Companies like General Electric, PepsiCo, and Colgate-Palmolive are justly recognized for their ability to turn out top-notch business executives in a predictable way. Over the years, scores of companies have tried to benchmark and emulate these companies’ success in executive development — but often become disillusioned by how hard it is to instill the “talent mindset” culture these firms have achieved. And in the course of their benchmarking efforts, talent management professionals are often surprised to learn that the GEs, PepsiCos (speaking Sept. 8 at ERE), and Colgates of the world are as committed to external recruiting as they are to talent development. They shouldn’t be.
The success of such companies indicates that talent acquisition and development are two levers that must be fully integrated in order for a company to maximize its leadership capability.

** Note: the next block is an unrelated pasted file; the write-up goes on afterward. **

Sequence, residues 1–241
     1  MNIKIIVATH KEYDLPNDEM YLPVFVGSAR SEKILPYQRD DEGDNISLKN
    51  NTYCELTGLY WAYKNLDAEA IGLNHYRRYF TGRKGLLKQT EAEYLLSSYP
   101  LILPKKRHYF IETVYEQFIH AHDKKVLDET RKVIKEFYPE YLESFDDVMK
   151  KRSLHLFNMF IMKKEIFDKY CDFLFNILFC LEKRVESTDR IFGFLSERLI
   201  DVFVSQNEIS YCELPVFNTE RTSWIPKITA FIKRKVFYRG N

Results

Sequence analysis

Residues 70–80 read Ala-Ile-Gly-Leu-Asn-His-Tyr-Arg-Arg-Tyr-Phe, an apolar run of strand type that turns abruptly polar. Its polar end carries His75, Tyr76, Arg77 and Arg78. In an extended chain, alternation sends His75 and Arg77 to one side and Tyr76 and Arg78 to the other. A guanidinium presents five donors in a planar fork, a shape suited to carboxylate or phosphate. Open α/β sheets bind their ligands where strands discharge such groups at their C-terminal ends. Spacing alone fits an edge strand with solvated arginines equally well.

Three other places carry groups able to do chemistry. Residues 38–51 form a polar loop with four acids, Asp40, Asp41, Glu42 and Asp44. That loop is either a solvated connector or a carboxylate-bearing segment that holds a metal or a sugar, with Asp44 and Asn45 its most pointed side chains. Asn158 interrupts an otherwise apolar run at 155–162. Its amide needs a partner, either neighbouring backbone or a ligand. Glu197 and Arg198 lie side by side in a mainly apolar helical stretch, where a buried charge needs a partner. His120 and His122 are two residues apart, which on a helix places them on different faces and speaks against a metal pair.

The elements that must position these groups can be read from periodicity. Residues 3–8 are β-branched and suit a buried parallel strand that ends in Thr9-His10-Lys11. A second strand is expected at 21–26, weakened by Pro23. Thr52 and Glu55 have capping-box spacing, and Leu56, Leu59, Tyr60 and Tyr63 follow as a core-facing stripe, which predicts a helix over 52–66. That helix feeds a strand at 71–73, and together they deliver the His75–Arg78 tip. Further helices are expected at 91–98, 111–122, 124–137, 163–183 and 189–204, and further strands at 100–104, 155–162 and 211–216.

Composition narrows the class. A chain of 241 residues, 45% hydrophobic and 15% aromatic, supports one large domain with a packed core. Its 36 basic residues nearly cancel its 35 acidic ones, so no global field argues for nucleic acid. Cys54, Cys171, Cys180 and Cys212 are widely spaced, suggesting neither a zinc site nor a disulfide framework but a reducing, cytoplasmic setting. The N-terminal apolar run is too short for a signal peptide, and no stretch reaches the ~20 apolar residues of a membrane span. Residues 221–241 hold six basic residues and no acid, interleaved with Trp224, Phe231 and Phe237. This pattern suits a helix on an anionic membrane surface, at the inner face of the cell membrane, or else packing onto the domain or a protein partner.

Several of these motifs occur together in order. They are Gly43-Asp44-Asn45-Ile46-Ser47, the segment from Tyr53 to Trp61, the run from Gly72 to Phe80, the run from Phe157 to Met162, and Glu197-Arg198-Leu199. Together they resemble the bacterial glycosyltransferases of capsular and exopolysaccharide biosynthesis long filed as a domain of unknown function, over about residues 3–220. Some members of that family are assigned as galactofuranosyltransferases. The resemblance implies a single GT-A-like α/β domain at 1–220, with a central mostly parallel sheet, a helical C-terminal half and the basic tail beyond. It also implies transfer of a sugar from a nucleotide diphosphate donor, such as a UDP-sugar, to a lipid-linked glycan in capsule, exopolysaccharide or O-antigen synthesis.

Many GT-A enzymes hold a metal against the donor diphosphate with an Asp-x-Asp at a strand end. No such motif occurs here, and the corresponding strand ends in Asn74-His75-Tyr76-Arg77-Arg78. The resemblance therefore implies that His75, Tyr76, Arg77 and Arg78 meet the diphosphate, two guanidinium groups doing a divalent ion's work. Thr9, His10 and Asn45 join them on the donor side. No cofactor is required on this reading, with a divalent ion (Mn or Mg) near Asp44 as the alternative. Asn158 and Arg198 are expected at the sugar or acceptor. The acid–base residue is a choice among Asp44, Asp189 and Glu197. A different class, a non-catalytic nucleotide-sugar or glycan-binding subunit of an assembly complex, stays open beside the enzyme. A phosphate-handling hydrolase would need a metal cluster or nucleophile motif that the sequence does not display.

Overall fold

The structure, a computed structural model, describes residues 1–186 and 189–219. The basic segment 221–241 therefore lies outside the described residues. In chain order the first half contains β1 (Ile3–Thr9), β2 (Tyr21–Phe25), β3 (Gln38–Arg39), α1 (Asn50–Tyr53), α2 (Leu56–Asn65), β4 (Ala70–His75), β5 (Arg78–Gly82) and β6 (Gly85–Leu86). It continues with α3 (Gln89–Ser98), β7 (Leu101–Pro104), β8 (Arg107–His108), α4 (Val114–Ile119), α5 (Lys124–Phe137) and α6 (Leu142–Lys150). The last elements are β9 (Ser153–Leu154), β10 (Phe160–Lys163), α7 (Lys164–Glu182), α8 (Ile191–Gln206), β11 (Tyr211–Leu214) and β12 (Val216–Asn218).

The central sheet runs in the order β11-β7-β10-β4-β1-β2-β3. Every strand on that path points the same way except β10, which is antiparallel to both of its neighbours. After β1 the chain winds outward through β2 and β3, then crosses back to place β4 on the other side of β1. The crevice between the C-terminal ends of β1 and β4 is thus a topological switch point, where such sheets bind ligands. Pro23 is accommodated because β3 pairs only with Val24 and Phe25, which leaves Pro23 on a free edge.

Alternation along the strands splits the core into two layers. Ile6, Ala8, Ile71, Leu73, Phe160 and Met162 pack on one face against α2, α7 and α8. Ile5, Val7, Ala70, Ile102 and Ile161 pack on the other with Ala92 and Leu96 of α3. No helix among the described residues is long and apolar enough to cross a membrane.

Some organizations assume that going outside to bring in talent is a negative signal that internal development efforts have failed. That’s not typically the case. The best-practice companies view external recruiting as an opportunity to calibrate the strength of their current managers and upgrade the company’s leadership “gene pool” for the future.
What really separates the practices of what I’ll call “talent mindset companies” from other organizations is how seamlessly they integrate talent acquisition and development. Most companies recruit externally with the goal of filling a position, and thus focus on the candidate’s job-specific experience. By contrast, talent mindset companies — although interested in the person’s job experience — focus their attention on the individual’s leadership capability and potential for career growth. They assess external candidates based on the same competencies used to promote internal managers to higher levels, and are particularly interested in the following: keep reading…